Over the years, I have given this topic much thought and more so here lately. Even as a new Christian, years ago, some Bible verses had a profound effect on me and Matthew 25:31-46 literally shook me to my core when I read them for the first time. These verses are called the Judgment of the Nations; some call them the Parable of the Sheep and Goats. Biblical scholars note that the Parable of the Sheep and Goats represents the second coming of Jesus when he returns to the earth in splendor and glory after the Tribulation. In these verses, the king, which depicts Jesus, separates the sheep (the saved) from the goats (the unsaved). It is the beginning of the millennial—the 1000-year reign of Jesus’ second return to the earth. Jesus is often called the Son of Man in the Bible, but it is here that he establishes himself also as King and begins his millennial reign here on the earth.
These verses still affect me intensely when I read them. Not only are they representing the return of Christ, but I also see them as applicable in the lives of Christians today as well! When I read them, I think, “Hmm, the actions of the sheep are the same as what Jesus did while he was here on the earth the first time.” Remember that catch phrase, “What Would Jesus Do (WWJD)?” Well, the sheep in this parable demonstrated through their lives what Jesus emphasized what he lived among us.
31 “When the Son of Man comes in his glory, and all the angels with him, he will sit on his glorious throne. 32 All the nations will be gathered before him, and he will separate the people one from another as a shepherd separates the sheep from the goats. 33 He will put the sheep on his right and the goats on his left.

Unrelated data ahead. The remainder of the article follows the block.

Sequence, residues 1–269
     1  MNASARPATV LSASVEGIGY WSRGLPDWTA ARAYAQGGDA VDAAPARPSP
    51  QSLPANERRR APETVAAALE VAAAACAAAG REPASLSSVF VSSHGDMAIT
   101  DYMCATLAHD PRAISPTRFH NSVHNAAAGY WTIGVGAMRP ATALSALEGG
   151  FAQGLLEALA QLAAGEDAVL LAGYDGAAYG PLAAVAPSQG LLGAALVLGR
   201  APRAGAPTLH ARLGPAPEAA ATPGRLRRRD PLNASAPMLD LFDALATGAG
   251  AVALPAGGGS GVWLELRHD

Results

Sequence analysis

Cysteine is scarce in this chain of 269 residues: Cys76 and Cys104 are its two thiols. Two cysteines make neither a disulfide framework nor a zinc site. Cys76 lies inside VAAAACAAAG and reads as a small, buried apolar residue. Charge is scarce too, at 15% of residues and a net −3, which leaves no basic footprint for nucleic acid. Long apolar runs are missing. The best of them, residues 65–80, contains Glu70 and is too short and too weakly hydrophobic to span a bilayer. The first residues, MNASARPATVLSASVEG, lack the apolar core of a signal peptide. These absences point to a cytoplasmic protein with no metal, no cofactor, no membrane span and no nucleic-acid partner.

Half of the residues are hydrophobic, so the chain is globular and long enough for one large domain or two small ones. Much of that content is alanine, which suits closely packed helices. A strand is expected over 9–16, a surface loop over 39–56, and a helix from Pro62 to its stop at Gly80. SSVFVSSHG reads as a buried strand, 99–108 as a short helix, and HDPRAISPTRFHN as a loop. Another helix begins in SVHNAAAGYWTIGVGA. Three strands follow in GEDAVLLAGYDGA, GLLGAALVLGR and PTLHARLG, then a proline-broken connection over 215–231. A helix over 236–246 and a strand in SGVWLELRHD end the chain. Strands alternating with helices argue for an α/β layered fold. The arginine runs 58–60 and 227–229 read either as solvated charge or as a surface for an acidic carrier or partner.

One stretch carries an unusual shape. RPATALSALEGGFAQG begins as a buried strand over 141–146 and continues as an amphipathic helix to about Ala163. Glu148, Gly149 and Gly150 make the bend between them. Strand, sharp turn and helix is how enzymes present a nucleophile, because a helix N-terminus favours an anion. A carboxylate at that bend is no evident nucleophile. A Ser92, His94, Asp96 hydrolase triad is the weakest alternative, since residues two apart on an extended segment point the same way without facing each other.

34 “Then the King will say to those on his right, ‘Come, you who are blessed by my Father; take your inheritance, the kingdom prepared for you since the creation of the world. 35 For I was hungry and you gave me something to eat, I was thirsty and you gave me something to drink, I was a stranger and you invited me in, 36 I needed clothes and you clothed me, I was sick and you looked after me, I was in prison and you came to visit me.’ 37 “Then the righteous will answer him, ‘Lord, when did we see you hungry and feed you, or thirsty and give you something to drink? 38 When did we see you a stranger and invite you in, or needing clothes and clothe you? 39 When did we see you sick or in prison and go to visit you?’40 “The King will reply, ‘Truly I tell you, whatever you did for one of the least of these brothers and sisters of mine, you did for me.’ Matthew 25:34-40
41 “Then he will say to those on his left, ‘Depart from me, you who are cursed, into the eternal fire prepared for the devil and his angels. 42 For I was hungry and you gave me nothing to eat, I was thirsty and you gave me nothing to drink, 43 I was a stranger and you did not invite me in, I needed clothes and you did not clothe me, I was sick and in prison and you did not look after me.’ 44 “They also will answer, ‘Lord, when did we see you hungry or thirsty or a stranger or needing clothes or sick or in prison, and did not help you?’ 45 “He will reply, ‘Truly I tell you, whatever you did not do for one of the least of these, you did not do for me.’
46 “Then they will go away to eternal punishment, but the righteous to eternal life.
The attributes of the sheep in Matthew 25:31-46 were that they had ministered to the poor, the homeless, the desperate and the imprisoned—the least of these. They did not do it to be seen by men or for outward appearances. What they did was from their hearts because they did not realize what the king was talking about when he said:
35 For I was hungry and you gave me something to eat, I was thirsty and you gave me something to drink, I was a stranger and you invited me in, 36 I needed clothes and you clothed me, I was sick and you looked after me, I was in prison and you came to visit me.
It was not good works that determined which ones were sheep and which ones were goats. Good works do not save. “The good works mentioned in this parable are not the cause of salvation but the effects of salvation (or of being saved).” (https://www.gotquestions.org) Good works emanate from a heart that is in right standing with God—a heart that reflect the fruit of the Spirit.